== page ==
A 2L soda pop bottle is filled about one-third full with either liquid nitrogen or solid carbon dioxide (dry ice) and water. The bottle is sealed and a plastic bucket is placed on top. Do you think the liquid nitrogen or dry ice and water will make the bucket go higher? Can you explain the results using chemistry?
You probably know what happens when you place dry ice in water. Do you know what happens when dry ice is placed in acetone or glycerin? Read this and find out!
Have you ever wondered where the cloud comes from when dry ice is placed in water? If you think the answer is “atmospheric water vapor”, be sure to read this post because experimental evidence suggests that this explanation is wrong.
This exercise is intended as an ice-breaker for a first or second class meeting. It also serves as an introduction to physical & chemical properties and application of the macro/micro/symbolic representations of chemical phenomena. Finally, it also provides a framework to mention many of the topics to be covered in a general chem first semester course.
Q: Does an unopened can of soda pop float or sink in water?
A: It depends!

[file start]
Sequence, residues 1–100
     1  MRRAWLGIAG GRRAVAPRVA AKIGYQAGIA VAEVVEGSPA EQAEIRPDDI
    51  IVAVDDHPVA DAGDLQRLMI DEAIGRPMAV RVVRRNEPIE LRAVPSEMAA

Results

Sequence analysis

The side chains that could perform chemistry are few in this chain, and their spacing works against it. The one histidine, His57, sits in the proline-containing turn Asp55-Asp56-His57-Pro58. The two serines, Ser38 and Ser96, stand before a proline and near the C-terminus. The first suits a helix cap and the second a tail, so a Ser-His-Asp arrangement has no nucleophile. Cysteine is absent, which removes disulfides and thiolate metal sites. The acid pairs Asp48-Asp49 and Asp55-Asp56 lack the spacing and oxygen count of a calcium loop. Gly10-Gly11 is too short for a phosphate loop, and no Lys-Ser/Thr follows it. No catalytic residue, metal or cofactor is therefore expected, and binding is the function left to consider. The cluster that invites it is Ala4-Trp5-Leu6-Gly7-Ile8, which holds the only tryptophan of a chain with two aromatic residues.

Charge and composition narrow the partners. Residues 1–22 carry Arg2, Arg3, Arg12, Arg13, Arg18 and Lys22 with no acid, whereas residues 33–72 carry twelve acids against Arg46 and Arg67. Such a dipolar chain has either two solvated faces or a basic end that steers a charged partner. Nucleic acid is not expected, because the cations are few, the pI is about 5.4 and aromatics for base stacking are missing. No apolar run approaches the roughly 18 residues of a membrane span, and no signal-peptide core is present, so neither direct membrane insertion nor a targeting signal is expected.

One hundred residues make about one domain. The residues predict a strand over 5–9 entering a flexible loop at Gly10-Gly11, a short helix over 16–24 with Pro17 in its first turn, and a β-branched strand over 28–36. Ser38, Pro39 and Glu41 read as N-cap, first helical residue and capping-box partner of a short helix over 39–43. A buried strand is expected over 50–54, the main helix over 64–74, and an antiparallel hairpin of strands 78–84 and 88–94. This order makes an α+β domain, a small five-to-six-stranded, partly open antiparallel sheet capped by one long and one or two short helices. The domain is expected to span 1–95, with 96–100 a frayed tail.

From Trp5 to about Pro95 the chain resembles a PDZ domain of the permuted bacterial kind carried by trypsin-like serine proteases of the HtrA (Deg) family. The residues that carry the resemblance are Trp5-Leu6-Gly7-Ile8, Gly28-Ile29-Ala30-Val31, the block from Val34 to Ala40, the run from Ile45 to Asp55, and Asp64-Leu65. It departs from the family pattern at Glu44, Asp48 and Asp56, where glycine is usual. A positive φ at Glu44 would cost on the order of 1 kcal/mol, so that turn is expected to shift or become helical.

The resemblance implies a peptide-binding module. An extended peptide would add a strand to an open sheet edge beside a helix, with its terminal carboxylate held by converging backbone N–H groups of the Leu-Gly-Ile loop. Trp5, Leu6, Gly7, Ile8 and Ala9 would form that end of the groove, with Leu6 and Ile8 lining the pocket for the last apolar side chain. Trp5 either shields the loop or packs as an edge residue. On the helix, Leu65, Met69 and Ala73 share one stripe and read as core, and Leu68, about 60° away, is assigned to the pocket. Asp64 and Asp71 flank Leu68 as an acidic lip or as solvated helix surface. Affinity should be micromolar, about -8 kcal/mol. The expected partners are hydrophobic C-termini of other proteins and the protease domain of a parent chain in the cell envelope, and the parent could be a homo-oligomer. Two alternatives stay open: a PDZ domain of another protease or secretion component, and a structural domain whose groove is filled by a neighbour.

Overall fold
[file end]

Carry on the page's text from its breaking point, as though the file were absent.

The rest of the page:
See if you can figure out what is happening in this twist on the classic floating-and-sinking soda can experiment.
Throughout the last ten years teaching both chemistry and Advanced Placement Chemistry I have realized that the concept of equilibrium does not receive enough attention in my first-year chemistry course. Sure, the concept of equilibrium is a topic mentioned and identified throughout the course however the dialogue in regards to conditions that would shift the chemical system is minimal at best.
Learn a simple and very inexpensive way to build and use an "absorption spectrometer" using a smartphone. This is a great way to implement Beer's Law experiments in your classroom!
Many of you familiar with me will know I have a great affinity for academic competition and was more than a little bit upset when the International Chemistry Olympiad was scheduled for Karachi Pakistan in 2016.
Have you ever wondered what is the theoretically largest possible value for the atomic number of an element? Using some introductory physics and algebra, you can get your students thinking about this idea.
A description of a quick and easy lesson that is sure to add some spark into your next lesson on stoichiometry.